How to use birther hysteria to balance a budget

Hawaii's bold new plan to stop the red ink: Allow anyone to buy copies of Obama's birth certificate


Andrew Leonard
January 28, 2011 11:21PM (UTC)

Even as two different House panels plan to hold hearings on how to solve the disastrous fiscal problems faced by states, Hawaii is forging ahead with its own bold initiative to close a big budget gap: Five Democrats have introduced a bill that would allow anyone to buy a copy of President Barack Obama's birth certificate for $100. (Hat tip, Marginal Revolution.)

The idea behind the measure is to end skepticism over Obama's birthplace while raising a little money for a government with a projected budget deficit exceeding $800 million over the next two years.

"If it passes, it will calm the birthers down," said the bill's primary sponsor, Rep. Rida Cabanilla. "All these people are still doubting it because they don't want the birth certificate from Obama. They want it from our state office."

The bill introduced this week would change a privacy law barring the release of birth records unless the requester is someone with a tangible interest, such as a close family member.

How the World Works fully supports efforts to monetize birther hysteria -- or any other completely ludicrous conspiracy theory. Tough times call for innovative revenue streams. Since there would probably be constitutional issues raised by the direct imposition of a tax targeted at birthers, charging for Obama birth certificates seems like a smart workaround -- provided Hawaii's privacy restrictions can be waived, which doesn't seem all that likely.

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However, there are some other problems. The birthers are undoubtedly going to demand access to the "long form birth certificate" that they are certain doesn't exist. But if it does exist, will significant numbers of people pay good money to have the cornerstone of their deranged worldview knocked out from under them? This is psychologically treacherous territory, and I think Hawaii's legislators may have unrealistic expectations as to the demand that exists for this kind of self-negation. Orly Taitz, queen of the birthers, would likely disappear in a puff of smoke after laying down her cash. She may have second thoughts.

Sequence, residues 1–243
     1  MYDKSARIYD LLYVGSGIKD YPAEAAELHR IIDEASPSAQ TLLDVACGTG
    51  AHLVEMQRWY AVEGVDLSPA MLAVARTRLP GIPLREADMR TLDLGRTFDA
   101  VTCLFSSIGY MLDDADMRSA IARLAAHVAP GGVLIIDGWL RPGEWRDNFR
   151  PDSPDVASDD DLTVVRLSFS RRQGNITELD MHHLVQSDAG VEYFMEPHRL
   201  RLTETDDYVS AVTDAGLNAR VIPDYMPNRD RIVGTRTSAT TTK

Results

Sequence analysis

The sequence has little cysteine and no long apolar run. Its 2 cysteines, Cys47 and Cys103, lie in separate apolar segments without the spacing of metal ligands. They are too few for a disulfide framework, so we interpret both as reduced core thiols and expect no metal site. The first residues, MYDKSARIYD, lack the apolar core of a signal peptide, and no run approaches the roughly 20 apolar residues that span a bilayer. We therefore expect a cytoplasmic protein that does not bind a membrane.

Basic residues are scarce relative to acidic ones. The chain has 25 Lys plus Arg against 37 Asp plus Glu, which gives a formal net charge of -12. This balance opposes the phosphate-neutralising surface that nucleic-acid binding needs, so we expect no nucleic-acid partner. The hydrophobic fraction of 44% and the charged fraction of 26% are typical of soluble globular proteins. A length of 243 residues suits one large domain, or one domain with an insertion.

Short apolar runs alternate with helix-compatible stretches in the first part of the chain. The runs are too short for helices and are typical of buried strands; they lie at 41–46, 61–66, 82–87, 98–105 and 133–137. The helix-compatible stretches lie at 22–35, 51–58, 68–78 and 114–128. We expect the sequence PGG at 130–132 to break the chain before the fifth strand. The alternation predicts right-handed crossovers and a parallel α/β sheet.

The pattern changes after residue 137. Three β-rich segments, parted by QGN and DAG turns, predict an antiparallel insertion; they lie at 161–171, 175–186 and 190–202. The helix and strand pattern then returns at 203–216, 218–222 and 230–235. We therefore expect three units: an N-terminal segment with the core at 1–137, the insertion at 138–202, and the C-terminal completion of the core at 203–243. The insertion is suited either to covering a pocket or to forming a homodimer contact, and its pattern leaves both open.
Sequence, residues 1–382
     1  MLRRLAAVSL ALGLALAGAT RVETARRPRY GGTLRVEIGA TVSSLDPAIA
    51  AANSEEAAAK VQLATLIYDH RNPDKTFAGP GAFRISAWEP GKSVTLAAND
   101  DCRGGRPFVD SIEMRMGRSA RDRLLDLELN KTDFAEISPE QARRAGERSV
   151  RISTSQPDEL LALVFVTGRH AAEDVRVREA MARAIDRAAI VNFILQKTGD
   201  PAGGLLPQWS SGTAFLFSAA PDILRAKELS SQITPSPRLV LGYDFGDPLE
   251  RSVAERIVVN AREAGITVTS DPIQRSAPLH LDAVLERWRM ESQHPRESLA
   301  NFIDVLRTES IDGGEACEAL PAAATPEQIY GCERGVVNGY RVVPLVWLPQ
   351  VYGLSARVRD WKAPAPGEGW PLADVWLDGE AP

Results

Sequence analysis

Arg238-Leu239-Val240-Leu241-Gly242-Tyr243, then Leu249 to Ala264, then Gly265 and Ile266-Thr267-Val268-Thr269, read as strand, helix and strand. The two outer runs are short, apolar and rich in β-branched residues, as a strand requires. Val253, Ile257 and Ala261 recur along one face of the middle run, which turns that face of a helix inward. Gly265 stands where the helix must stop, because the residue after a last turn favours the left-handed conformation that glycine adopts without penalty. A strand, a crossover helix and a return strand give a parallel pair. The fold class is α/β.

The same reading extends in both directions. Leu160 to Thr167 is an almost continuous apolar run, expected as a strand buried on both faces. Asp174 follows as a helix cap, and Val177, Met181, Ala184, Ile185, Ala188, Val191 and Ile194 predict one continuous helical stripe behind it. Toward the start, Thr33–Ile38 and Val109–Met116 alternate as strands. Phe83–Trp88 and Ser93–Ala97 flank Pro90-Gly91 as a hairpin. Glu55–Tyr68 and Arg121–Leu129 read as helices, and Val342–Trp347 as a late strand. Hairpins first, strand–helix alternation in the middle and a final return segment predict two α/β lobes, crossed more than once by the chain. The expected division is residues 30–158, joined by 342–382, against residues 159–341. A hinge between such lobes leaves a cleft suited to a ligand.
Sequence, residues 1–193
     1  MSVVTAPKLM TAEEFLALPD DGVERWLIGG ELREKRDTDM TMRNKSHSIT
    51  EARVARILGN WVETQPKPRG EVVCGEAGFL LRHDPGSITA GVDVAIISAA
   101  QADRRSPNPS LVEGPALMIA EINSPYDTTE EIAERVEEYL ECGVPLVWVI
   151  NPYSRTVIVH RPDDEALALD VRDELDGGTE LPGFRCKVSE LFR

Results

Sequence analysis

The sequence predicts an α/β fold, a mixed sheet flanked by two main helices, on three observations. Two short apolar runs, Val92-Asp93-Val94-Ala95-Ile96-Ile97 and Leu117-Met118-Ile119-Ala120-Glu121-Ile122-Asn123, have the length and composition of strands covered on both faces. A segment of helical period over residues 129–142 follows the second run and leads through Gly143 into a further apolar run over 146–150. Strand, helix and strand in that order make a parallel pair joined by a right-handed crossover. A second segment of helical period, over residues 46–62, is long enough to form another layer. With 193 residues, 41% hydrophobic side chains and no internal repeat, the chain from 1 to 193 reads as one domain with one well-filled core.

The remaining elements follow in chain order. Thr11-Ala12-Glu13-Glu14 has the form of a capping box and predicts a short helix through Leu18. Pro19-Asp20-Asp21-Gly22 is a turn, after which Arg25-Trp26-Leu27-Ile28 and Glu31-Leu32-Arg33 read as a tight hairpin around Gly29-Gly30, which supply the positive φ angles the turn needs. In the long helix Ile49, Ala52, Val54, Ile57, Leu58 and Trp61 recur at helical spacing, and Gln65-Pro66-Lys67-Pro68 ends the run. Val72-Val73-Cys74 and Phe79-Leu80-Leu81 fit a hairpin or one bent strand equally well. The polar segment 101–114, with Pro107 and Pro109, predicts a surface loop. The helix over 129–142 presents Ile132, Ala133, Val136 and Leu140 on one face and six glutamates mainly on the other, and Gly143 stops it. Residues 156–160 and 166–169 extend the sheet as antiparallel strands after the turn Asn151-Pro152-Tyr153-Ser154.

Also disappointing -- Hawaii may have missed its moment. The Associated Press reports that in recent months, state employees have been fielding far fewer calls from birthers demanding evidence that the president is a citizen. More fallout from the midterms?

And finally, there is a distinct chance that many birthers will not realize that the purpose of this gambit is to solidify Obama's citizenship claim. I took a quick look at Orly Taitz's website -- the "World's Leading Obama Eligibility Challenge Web Site" -- to see if there was any discussion of this news, and discovered the following post halfway down the front page:

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Folks,

You tell me, what is going on here. A local Hawaiian newspaper (with an AP by-line) is reporting that state legislators, DEMOCRATS, want a bill that will allow anyone, paying a fee of course, to get access to Obama/Soetoro's birth certificate, if such a thing exists. Did they get the permission of The One, sitting illegally in the Oval Office to do this? Or do they have a sense that the ship is sinking, and they are being told by other powerful Democrats to start the ball rolling, and: Let's Get This Usurper Out of Here, and See If We Can Save Our Own Necks; Oh, Yes, And Maybe This Republic?

Is it time, yet for you folks to actually start paying attention to the many aspects of this story, and speaking openly about them?

The more I contemplate that paragraph, the more I think, gosh, if there really was a way to tax stupidity, our national debt would vanish in the blink of an eye. But that would be too easy.


Andrew Leonard

Andrew Leonard is a staff writer at Salon. On Twitter, @koxinga21.

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